- The Washington Times - Sunday, August 12, 2001

WESTMINSTER, Md. (AP) - The Baltimore Ravens, looking to replace injured running back Jamal Lewis, signed Terry Allen to a one-year contract yesterday for the veteran minimum salary.

Allen, who will earn $477,000, beat out former Seattle and Dallas running back Chris Warren for the job left open when Lewis sustained a season-ending knee injury Wednesday.

Allen and Warren were the most impressive of five players who worked out with the Super Bowl champion Ravens for nearly 30 minutes Friday.

Robert Chancey, Mario Bates and Greg Hill also tried out but Allen, a 1996 Pro Bowl selection who had four 1,000-yard seasons, got the nod over Warren because of superb conditioning and his willingness to be a more physical presence like Lewis.

In 11 NFL seasons, Allen has 7,956 career yards rushing on 1,986 carries, and 70 touchdowns. He also made 187 receptions, six for touchdowns.

"It feels good," Allen said. "I've never been to a Super Bowl, and this team has been there and knows what it takes to get there. That's the one thing left for me to do."

Allen, 33, was drafted by the Minnesota Vikings and played in the same system run by then-Vikings offensive coordinator and current Ravens coach Brian Billick.

"Terry is a veteran runner who is familiar with Brian's system," said Ozzie Newsome, the Ravens vice president of football operations. "He was, in our opinion, the best available option on the free-agent market."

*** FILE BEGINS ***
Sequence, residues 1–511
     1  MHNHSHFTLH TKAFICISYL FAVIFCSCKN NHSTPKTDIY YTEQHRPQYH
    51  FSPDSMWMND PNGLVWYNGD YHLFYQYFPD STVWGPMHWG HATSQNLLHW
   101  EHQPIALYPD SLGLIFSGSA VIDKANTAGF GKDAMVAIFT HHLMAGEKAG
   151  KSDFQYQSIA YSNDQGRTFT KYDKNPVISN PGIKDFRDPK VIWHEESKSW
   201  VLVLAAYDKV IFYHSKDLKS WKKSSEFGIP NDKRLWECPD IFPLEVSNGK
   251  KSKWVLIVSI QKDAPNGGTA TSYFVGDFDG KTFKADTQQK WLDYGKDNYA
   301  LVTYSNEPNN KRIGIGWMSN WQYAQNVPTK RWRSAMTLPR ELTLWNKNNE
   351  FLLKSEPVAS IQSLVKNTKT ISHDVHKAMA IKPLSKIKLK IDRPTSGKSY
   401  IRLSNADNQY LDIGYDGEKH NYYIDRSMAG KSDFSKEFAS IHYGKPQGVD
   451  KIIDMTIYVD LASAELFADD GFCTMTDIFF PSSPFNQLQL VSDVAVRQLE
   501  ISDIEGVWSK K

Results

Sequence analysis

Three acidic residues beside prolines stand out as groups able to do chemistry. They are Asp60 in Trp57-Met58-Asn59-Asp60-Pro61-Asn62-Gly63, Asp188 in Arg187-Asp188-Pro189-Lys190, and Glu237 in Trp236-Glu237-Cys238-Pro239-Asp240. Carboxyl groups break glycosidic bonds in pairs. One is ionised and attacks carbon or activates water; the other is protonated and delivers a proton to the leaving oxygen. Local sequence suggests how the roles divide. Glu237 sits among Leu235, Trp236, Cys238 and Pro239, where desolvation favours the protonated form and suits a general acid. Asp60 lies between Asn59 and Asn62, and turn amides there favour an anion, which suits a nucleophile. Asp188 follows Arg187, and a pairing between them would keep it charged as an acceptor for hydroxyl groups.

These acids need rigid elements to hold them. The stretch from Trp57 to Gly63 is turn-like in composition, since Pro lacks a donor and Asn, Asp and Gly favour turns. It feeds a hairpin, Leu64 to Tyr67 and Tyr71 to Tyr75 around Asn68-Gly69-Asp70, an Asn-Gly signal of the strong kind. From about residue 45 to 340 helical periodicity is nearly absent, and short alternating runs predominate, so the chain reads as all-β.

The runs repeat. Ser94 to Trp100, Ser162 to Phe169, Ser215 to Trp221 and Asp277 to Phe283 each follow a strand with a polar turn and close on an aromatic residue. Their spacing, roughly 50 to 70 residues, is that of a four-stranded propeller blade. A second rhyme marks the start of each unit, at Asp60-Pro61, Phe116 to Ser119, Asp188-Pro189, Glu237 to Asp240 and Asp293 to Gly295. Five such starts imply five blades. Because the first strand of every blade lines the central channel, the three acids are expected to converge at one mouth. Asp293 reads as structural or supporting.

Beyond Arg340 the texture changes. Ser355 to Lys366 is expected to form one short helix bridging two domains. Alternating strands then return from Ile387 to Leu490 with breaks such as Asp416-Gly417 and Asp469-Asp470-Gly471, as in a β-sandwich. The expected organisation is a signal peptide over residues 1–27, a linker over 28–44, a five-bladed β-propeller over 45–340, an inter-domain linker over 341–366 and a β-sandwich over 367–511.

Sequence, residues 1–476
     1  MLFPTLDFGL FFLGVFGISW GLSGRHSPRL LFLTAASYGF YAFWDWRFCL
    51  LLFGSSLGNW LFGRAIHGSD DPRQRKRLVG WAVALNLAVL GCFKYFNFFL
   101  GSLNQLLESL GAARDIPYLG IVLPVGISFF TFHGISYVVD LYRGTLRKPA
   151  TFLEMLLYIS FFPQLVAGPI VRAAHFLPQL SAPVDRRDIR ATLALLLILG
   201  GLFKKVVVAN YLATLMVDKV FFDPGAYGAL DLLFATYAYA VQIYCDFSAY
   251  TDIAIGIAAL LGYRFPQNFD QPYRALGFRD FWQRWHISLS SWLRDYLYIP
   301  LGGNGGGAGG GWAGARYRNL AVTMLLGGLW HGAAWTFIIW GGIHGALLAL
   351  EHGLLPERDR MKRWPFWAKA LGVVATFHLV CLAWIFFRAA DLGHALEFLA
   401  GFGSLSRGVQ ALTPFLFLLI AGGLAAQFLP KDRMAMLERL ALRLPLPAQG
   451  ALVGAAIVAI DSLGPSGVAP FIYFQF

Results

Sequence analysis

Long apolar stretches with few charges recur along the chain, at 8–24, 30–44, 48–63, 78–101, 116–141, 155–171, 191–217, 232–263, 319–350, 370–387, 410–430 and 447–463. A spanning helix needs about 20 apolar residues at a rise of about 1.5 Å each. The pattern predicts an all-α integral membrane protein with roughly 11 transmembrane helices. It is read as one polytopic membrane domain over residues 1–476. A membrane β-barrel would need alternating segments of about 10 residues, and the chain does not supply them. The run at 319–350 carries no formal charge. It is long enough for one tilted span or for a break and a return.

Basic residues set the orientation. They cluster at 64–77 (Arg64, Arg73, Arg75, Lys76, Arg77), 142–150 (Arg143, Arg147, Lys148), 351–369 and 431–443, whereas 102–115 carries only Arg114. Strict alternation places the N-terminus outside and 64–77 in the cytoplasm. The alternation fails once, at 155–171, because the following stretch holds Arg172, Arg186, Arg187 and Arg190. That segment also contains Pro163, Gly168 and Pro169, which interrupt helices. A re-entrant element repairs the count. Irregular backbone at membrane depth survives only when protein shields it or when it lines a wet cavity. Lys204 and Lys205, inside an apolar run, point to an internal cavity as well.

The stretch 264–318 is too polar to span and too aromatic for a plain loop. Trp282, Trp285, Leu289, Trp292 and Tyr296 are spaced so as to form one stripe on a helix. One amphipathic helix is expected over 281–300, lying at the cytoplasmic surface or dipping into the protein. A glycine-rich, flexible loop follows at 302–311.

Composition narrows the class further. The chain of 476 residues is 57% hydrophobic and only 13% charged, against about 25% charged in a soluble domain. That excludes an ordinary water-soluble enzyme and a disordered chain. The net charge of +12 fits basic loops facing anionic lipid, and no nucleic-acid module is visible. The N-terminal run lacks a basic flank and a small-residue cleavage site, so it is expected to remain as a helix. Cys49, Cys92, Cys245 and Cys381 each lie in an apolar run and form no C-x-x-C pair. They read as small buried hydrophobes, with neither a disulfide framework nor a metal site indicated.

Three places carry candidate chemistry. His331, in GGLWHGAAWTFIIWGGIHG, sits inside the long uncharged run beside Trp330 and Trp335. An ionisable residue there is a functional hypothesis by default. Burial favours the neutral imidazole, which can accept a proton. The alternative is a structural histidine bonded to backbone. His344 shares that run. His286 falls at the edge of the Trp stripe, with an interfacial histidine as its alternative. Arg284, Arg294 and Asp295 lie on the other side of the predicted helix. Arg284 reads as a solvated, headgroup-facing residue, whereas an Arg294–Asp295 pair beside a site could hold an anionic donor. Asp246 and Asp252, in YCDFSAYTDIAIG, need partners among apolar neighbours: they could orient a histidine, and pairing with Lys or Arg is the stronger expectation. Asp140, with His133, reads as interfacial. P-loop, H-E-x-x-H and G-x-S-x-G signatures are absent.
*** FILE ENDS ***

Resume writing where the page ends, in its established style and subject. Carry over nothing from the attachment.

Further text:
Billick said Allen won't play in Baltimore's preseason opener in Philadelphia tomorrow.

"You won't meet a classier, harder-working athlete in the National Football League," Billick said. "There are 30-some-odd days until the season opener, so while he's in pretty good shape, we'll have to work him into football shape.

"It may be the [preseason finale] New York Giants game before we get him bouncing around."

Allen has also played with Washington, New England and New Orleans, where he also found himself subbing for an injured featured back, Ricky Williams.

Allen's lone Pro Bowl selection came after the 1996 season, in which he gained 1,353 yards and scored 21 touchdowns for the Redskins.

He played six games last season with the Saints, including two in the postseason.

"As far as being in shape, I'm not even close to what they are now," Allen said of the Ravens. "But I've been to the Pro Bowl and had the 1,000-yard seasons and done everything else.

"I want to go to the Super Bowl and win it. That's the bottom line."

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